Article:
Aug 8, 2008
I will be flexing my ethical muscles today. It won’t be pretty. Anonymous girlfriend duped me into signing up for the MPRE since she enjoys sharing misery. It didn’t occur to me at the time that with my second-half summer course final looming in a week I would be in no mood to brush up on the finer points of conflicts of interest and fee division. That final I can’t retake in November, the MPRE I can. So the extent of my preparation has been flipping through my professional responsibility outline and doing some practice questions I bummed off someone with it enough to do the BarBri session. So off to reap the fruits of my lack of labor…
I have a feeling I’m not alone. Law Ingenue is hallucinating about it. Nontraditional Law Student seems to be taking a healthy approach of fear and motivation. Namby Pamby has an
Susan M. Case, the Director of Testing for the National Conference of Bar Examiners, gives us the straight dope in the article The Testing Column: Standards on the MPRE (.pdf) (via the Legal Profession Blog)>, noting that many people believe the standard for passing is higher than it actually is, providing the nugget of hope that “even in the toughest states, one would only need to answer 27 of 50 right on that exam.”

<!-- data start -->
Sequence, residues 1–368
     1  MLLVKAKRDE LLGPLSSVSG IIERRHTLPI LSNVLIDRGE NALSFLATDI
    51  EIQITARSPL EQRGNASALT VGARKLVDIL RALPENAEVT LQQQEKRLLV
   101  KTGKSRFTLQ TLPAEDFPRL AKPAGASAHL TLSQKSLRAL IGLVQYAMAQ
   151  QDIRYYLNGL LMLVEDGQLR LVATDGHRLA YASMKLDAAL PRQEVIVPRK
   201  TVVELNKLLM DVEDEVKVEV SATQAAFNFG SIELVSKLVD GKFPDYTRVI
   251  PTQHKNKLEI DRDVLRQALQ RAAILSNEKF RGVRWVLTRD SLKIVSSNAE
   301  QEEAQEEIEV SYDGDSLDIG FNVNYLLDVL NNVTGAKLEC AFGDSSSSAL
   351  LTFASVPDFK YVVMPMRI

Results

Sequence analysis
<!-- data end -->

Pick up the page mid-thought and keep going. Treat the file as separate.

For the November 2005 MPRE, these standards required the following percent correct scores:
75 48% (lowest standard jurisdiction)
85 53% (Texas)
86 54% (highest standard jurisdiction)
A discussion of statistical basis for the scaling model ensues here and here, noting that even the examining boards “don’t really know what score, if any, predicts a career of ethical practice” and that the numbers equate to little more concrete predictors than failure rates – for instance “a score of 85 passes roughly 75% of the takers, a score of 80 passes a little more than 85%, and a score of 75 passes about 90% of all takers.”
Does anyone else find it odd that each state picks its own passing rate to set the baseline for professional ethics? Apparently the appropriate response to arbitrariness is … arbitrariness.
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